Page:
A series of monoclonal antibodies for monitoring hormone and drug additives in animals grown for the food industry. These include mAbs for peptide hormones, steroid hormones, drugs, leukotrienes, isoflavones, and veterinary drugs.

    Applications


    Monitoring hormone and drug additives in food providing animals for veterinary use and for the food industry.

    Technology's Essence


    Researchers at the Weizmann Institute of Science have developed a series of mAb against peptide and steroid hormones, isoflavones, and human and veterinary drugs. These antibodies are particularly valuable for monitoring hormone and drug additives in food providing animals. The mAb are available for diagnostics, research, and therapeutics.

    The following mAb are available for licensing:

    (Clones marked with * are available for diagnostic and therapeutic use only).

    Peptide Hormones:
    LH: 4F10
    bFSH: 1G12*, 1H9, 1H7
    FSH: 6H6
    bHCG: 1D5
    bHCG+: 1C7 3F11
    HGH: 1C12*, 1C4*, 5E9, 4E12, 5C3, 1C5, 6G3, 5E6, 2C12

    Steroid Hormones:
    progesterone-11a-HS 1E11*
    progesterone-7a-CET 2H4
    Estrone-3-glucuronide 8A3
    Testosterone-3-CMO 5A4
    Testosterone-3-CMO 5F2*
    Estradiol-6-CMO 8D9*

    Anti-idiotypic antibodies to anti-steroids:
    betatypic anti-anti-testosterone 5A4 8G9
    betatypic anti-progesterone 2H4 15F11
    betatypic anti-anti-estrone-3-glucuronide 8A3 7C1
    alphatypic anti-progesterone 2H4 2E11
    betatypic anti-anti-estrone-3-glucuronide 8A3 11C1

    Drugs
    Digoxin 10F10
    RU-486* 8B6*
    Buserelin 8B4
    Medroxy-progesterone-acetate* 1F5*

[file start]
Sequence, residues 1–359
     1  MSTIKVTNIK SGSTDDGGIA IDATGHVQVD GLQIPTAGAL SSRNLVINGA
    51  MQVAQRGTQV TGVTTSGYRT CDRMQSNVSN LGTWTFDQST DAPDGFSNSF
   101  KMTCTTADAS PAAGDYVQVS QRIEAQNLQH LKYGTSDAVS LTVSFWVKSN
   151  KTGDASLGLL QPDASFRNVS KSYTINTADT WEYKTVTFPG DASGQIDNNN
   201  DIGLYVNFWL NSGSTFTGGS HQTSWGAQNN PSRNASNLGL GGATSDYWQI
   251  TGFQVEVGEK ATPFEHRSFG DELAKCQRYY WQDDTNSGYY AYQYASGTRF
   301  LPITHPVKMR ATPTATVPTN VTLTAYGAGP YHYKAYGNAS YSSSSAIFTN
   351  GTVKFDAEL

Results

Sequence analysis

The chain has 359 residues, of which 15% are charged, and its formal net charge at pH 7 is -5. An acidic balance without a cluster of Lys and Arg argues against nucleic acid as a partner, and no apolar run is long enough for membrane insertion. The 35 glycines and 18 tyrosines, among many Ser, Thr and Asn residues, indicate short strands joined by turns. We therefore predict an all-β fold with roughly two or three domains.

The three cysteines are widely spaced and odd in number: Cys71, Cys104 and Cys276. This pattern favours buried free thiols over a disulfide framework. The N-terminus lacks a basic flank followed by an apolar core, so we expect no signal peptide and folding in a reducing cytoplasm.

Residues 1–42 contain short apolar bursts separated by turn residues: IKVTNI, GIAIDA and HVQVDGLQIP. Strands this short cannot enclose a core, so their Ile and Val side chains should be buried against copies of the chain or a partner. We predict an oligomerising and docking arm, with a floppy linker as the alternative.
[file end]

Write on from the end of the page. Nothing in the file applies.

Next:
Leukotrienes
    LTC4* 6E7

    Biotin
    Biotin-BSA F1

    Isoflavones
    Daidzein 4E4
    Daidzein/daidzin/genistin 2F11
    Estrone-3-glucuronide 8A3
    Genistein/biochanin A 10D8
    Genistein/genistin/daidzin 6E8
    Betatypic anti-anti-genistein 10D8

    Veterinary drugs
    Sulfamethazine (SMZ) 21C7
    Betatypic anti-SMZ 12E12
    4-chloro-androstenedione 14H2
    Virginamycin 486
    Spiramycin 110
    Betatypic anti-anti-spiramycin 133

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    • Dr. Fortune Kohen
    274
    Monoclonal antibodies for peptide and steroid hormones Due to their high specificity and sensitivity these antibodies may be applicable for research, diagnosis and therapeutics. A particular use may be quality control of industrial manufacturing of food products.   §  127, 274, 141 – Monoclonal...

    Monoclonal antibodies for peptide and steroid hormones

    Due to their high specificity and sensitivity these antibodies may be applicable for research, diagnosis and therapeutics. A particular use may be quality control of industrial manufacturing of food products.

     

    §  127, 274, 141 – Monoclonal antibodies to estradiol         

          Description: Monoclonal antibodies raised against oestradiol-6-     carboxymethyl oxime-BSA. Available clones: 2F9 (Rat, IgG2a), 15 (IgG2b),    8D9 (IgG2a).

    Estradiol is a sex hormone, which has not only a critical impact on reproductive and sexual functioning, but also affects other organs, including the bones. In the female, estradiol acts as a growth hormone for tissues of the reproductive organs.

                References: De Boever J, Kohen F, Usanachitt C, Vandekerckhove D, Leyseele D, Vandewalle L. 1986. Direct chemiluminescence immunoassay for estradiol in serum. Clin Chem. 32(10):1895-900.

                S?mjen D1, Amir-Zaltsman Y, Mor G, Gayer B, Lichter S, Nevo N, Kohen F. 1998. A monoclonal antibody to oestradiol potentiates the stimulation of the specific activity of the brain type creatine kinase by oestrogen in vivo and in vitro. J Steroid Biochem Mol Biol. 64(5-6):297-304.

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    • Dr. Fortune Kohen
    130
    Monoclonal antibodies for Isoflavones, leukotrienes, biotin and human and veterinary drugs May be used for monitoring drug additives in food providing animals for veterinary use and for the food industry. Leukotrienes:   Veterinary drugs: §  130 - Anti-idiotypic antibody against anti-Sulfamethazine...

    Monoclonal antibodies for Isoflavones, leukotrienes, biotin and human and veterinary drugs

    May be used for monitoring drug additives in food providing animals for veterinary use and for the food industry.

    Leukotrienes:

     

    Veterinary drugs:

    §  130 - Anti-idiotypic antibody against anti-Sulfamethazine